ARU Magic Me - ARCH Project - Dare To Imagine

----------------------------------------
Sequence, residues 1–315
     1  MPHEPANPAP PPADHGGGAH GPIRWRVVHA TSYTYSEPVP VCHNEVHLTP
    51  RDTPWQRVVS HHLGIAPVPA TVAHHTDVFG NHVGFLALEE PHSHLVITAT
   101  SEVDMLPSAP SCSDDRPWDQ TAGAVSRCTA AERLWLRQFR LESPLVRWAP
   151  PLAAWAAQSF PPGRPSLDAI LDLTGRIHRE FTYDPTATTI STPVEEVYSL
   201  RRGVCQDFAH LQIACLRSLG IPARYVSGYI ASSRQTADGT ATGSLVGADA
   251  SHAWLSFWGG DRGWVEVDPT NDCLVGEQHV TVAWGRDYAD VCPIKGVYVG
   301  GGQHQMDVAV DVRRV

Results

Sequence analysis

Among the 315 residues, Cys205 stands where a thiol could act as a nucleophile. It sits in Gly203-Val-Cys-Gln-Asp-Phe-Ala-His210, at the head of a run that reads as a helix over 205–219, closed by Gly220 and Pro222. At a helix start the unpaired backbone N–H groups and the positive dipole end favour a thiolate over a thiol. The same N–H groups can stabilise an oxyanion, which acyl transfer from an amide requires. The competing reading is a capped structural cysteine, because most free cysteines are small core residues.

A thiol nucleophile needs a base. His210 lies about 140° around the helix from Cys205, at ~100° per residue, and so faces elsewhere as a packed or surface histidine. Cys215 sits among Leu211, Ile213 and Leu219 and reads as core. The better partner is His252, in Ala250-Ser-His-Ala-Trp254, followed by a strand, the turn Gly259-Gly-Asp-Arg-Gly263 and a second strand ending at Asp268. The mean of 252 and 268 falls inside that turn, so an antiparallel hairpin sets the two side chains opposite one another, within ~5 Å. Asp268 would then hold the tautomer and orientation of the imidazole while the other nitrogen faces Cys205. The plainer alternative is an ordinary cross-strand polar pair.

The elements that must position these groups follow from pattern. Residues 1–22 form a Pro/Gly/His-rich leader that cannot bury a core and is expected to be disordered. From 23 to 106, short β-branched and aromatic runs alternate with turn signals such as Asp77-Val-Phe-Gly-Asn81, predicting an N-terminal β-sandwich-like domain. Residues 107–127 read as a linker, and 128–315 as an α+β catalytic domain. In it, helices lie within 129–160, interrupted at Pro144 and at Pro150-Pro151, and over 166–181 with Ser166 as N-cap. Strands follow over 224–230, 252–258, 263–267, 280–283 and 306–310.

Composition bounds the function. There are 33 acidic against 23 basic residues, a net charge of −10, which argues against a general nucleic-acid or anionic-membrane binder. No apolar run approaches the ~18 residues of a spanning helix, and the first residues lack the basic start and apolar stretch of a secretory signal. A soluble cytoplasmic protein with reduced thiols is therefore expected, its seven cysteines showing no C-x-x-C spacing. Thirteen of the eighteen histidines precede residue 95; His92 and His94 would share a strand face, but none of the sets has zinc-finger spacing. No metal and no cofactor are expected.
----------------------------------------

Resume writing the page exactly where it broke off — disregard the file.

18 Dare To Imagine Covid-19 disruption Impact of Covid-19 in care homes The Covid-19 pandemic had substantial impacts on everyone involved in the ARCH programme but was particularly devastating within care homes. In England and Wales, 45,632 care home resident deaths were registered as involving Covid-19 between the week ending 20 March 2020 and the week ending 21 January 2022 (ONS, 2021). These figures are likely to be an underestimate as not everyone was tested, and do not include the many care home staff who also lost their lives. They reflect the “slow, late and inadequate response to the risk and reality of Covid-19 in care homes” (Daly, 2020, p.985). At the time of writing in June 2023, the UK Covid-19 Inquiry has just got underway, set up to examine and learn from the response and impact of the pandemic. The restrictions on everyday life, disruption to community activity and businesses, and the emotional, physical, and financial costs of the virus and lockdowns are still playing out. However, existing research paints a picture of these turbulent times to provide important context for the artists’ residencies. Care homes faced many challenges, including severe staff shortages, increased workloads, and substantial disruption to daily working practices (Nyashanua, Pfendeb and Ekpenyong, 2020; Hanna et al., 2021). Care home staff experienced significantly increased responsibilities for endof-life care and exposure to a greater number of deaths, causing emotional trauma with little additional emotional support or time to grieve (Spacey et al., 2023). As a result, there were high levels of stress, anxiety, depression, and posttraumatic stress disorder amongst care home staff (Greene et al., 2021; Beattie et al., 2023). In addition to the impact on care home staff, the pandemic and associated restrictions also shaped residents’ experiences of loneliness. Pre-covid there were already high levels of loneliness amongst older people in care homes with the need for meaningful social engagement recognised as important to improve quality of life (Gardiner et al., 2020). The disruption and effect of the restrictions highlight the need for initiatives and activities that could restore meaning by reconnecting or establishing new connections with people and entities beyond the home (Ho et al., 2022). In this context, the significance and focus of the ARCH programme shifted, which is reflected in the subsequent phases of the artists’ residencies. Spring/Summer 2020 onwards Care home staff and those at Excelcare head office were totally focused on dealing with the health emergency, working to maintain the wellbeing of their residents and staff in an unprecedented and rapidly changing situation. Arts partners paused all planned work, cancelled tours and renegotiated their funding agreements, whilst working out how to support their regular participants, staff, and freelance artists at a distance. Some partner staff were furloughed for periods. Our best guess for when the main residencies could take place was Autumn 2020, then April 2021. Strict national guidelines on visiting care homes, meant our contact was via phone or Zoom, though some garden visits and work outside became possible in 2021. Care homes only opened fully to visitors in April 2022, though Covid-19 outbreaks could still mean a temporary closure to visits. Arts partners negotiated with their partner homes around what support or activities they might offer from a distance, depending on both the home and the partner’s capacity or situation. Plans had always to be flexible, open to change or cancellation. Excelcare’s purchase of iPads,